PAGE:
Sometimes an experience is so painful it’s helpful to try and forget it ever happened. But something recently transpired that has allowed me to relive my anxiety with all of you. This post is an important reminder about the dangers of written communication.
In early 2012, after months of negotiating a severance from a day job I held for 11 years, I almost screwed myself out of absolute freedom due to one damn email.
As part of my exit instructions, I was told not to transfer any proprietary work information to my personal accounts. This made sense because taking what didn’t belong to me would be considered theft. Every company’s worst nightmare is having an employee copy sensitive information that can be used against them at a competitor or made public.
My situation was different because part of my severance negotiation strategy of keeping all my deferred compensation, receiving a lump sum severance, and getting six months of fully paid healthcare was predicated on me promising my firm I would NOT join a competitor. They couldn’t enforce this promise, but it was my intention to permanently leave the industry.
Convincing my employer I wasn’t joining a competitor was the only way I could stay on for two months after we agreed I would be laid off. I wanted to stay on for two months to help ensure there would be a smooth transition. I also thought it’d be nice to collect two more months of pay and benefits without any work performance stress.
The E-mail Snafu
After 11 years of working at one place, my work e-mail essentially became partly my personal e-mail. It was just easier corresponding to non-work people while I sat in front of a computer for hours a day instead of trying to type personal responses on a clunky mobile phone. Back then, iPhones and Android phones weren’t as popular.
Anyway, during my last week of work, I started mass e-mailing dozens of old documents to my private e-mail account. I knew the company was monitoring my activities so I quickly screened each e-mail and the attachments before I pressed send.
Sample documents I sent to myself included random things like a bathroom remodeling contract from 2007, pictures of me and clients visiting the Taj Mahal in 2003, years worth of tax documents, team pictures, refinance documents and more. Each e-mail had 10-20 attachments because I was basically mass copying all these documents I had archived on my computer since 2001.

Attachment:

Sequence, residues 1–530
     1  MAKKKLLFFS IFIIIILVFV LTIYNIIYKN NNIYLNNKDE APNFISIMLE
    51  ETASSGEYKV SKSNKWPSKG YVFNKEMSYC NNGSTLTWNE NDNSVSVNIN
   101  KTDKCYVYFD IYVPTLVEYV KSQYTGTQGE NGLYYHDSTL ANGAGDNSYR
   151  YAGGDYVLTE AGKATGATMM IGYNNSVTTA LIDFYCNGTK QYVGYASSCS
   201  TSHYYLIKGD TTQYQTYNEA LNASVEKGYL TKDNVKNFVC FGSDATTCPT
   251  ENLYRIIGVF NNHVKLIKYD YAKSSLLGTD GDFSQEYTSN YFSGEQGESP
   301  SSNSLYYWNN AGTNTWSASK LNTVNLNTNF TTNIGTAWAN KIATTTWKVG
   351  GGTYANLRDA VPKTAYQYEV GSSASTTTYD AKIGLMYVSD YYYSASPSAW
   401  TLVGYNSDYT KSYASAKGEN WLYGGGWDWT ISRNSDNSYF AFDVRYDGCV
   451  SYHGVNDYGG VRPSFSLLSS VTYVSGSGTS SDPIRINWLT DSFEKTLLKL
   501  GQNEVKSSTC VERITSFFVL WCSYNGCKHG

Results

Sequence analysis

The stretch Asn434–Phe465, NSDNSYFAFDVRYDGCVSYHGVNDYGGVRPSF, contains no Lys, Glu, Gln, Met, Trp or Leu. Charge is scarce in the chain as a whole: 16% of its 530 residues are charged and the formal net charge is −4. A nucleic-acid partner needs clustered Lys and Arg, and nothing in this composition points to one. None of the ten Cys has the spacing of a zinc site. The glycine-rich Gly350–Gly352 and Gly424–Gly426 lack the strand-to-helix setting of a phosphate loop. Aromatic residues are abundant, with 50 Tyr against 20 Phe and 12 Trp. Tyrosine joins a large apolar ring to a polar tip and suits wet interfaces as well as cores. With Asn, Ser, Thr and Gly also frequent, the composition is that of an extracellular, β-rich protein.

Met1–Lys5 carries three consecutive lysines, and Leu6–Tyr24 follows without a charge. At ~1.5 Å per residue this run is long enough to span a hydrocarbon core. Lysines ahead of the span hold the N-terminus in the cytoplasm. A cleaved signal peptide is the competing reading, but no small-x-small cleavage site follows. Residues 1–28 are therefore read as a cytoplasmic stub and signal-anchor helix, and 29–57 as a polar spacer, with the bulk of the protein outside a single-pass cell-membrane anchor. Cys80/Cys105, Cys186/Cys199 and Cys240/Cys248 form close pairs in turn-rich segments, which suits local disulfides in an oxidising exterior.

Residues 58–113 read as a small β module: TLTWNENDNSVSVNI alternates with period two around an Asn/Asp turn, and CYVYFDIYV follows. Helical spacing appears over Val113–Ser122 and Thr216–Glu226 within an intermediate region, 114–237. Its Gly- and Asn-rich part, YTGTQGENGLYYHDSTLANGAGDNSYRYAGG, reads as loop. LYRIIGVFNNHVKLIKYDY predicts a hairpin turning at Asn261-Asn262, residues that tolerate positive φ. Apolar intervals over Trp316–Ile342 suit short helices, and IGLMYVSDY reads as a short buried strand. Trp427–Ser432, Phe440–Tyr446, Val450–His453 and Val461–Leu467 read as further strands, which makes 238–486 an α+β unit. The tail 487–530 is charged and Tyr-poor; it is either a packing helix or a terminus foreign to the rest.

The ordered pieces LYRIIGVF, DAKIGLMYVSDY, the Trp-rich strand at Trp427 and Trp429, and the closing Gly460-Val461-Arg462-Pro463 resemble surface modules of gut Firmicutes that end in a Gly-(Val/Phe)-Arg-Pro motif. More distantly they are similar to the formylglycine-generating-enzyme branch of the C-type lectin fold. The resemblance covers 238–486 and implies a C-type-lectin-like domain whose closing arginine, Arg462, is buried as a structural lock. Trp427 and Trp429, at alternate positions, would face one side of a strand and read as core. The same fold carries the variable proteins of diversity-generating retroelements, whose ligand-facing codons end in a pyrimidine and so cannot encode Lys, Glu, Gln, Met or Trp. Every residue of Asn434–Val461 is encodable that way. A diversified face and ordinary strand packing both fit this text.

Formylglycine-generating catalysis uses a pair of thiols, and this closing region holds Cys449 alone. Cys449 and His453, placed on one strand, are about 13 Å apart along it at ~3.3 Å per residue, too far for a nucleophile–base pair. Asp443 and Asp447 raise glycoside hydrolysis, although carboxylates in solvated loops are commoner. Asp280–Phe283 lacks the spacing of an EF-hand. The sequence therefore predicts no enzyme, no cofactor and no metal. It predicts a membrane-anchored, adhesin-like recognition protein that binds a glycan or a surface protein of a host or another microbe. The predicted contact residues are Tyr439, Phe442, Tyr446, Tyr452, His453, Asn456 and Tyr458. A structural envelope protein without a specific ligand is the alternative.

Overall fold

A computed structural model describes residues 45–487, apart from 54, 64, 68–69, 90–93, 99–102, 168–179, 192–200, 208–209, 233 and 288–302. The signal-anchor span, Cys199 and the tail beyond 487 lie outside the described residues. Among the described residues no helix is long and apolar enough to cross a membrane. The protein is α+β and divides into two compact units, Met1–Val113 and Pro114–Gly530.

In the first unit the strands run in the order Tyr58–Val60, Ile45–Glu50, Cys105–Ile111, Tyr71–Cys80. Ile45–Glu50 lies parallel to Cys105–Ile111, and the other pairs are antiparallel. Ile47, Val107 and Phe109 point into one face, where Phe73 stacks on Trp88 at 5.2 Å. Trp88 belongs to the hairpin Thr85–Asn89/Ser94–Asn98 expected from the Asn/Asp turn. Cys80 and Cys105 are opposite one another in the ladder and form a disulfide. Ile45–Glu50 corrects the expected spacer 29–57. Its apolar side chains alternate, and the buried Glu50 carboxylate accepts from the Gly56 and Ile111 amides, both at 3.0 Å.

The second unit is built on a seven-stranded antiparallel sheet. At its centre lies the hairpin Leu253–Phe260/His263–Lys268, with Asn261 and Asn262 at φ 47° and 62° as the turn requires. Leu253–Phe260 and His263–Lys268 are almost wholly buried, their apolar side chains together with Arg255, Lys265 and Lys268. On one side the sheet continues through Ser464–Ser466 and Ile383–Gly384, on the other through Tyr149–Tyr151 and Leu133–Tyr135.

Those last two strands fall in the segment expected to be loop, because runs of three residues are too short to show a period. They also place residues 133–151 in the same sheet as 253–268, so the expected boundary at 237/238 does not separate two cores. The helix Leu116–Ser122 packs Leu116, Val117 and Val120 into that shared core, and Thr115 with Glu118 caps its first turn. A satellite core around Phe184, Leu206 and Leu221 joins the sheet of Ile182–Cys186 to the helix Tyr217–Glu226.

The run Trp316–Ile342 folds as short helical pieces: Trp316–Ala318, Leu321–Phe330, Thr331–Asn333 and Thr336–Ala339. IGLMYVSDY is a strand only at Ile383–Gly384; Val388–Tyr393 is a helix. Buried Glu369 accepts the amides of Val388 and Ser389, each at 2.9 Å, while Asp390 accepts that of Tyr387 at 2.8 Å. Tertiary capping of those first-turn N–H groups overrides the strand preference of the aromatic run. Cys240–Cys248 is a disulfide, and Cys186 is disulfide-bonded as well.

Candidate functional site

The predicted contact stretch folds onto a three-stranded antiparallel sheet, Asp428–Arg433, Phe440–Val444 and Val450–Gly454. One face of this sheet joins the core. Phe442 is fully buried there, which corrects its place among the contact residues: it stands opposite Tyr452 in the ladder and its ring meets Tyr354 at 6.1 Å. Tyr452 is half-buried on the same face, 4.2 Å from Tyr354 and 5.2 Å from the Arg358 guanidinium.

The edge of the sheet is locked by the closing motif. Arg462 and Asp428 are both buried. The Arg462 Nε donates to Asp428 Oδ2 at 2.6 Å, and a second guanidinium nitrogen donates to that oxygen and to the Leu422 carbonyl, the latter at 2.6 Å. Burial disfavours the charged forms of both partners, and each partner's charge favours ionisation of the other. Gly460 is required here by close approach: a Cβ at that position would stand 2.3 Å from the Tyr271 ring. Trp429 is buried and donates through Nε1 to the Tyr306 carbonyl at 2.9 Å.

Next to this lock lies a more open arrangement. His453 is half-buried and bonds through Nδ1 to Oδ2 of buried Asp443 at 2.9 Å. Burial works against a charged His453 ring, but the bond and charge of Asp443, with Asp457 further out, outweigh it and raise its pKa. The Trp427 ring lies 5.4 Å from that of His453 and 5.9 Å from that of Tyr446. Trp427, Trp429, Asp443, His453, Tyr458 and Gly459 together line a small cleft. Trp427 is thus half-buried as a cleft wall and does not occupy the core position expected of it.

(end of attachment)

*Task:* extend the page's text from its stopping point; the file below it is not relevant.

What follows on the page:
Unfortunately, there was one email that contained client revenue information that I wasn’t supposed to send! It somehow slipped through the cracks, probably because the name of the Excel file was some generic name that belied its true contents.
I didn’t even realize I had sent this document until HR called me the night before my last day telling me what I had done. They said they would be reviewing my activity and getting back to me with a resolution. Oh shit! Did I just screw myself out of a severance package worth six years of living expenses because of one inadvertent attachment?
I quickly reviewed all the e-mails I had sent back to my personal account and found the document. It was indeed an Excel file containing revenue figures broken out by client. Drat! How could I have been so careless as to include this document I did not need?
The client revenue document was now evidence from their perspective that perhaps I was joining a competitor after all. But as I looked more closely at the document, I quickly realized the revenue figures were from five years prior. In other words, the data was practically useless because clients come and go and our business model was all about how we could improve upon last year’s numbers.
I proceeded to write a mea culpa e-mail to HR highlighting the document transfer was inadvertent. I told her that I had no need for a five year old document with stale revenue information. Finally, I reemphasized my desire to get out of the business for good. She acknowledged receipt and told me she’d get back to me.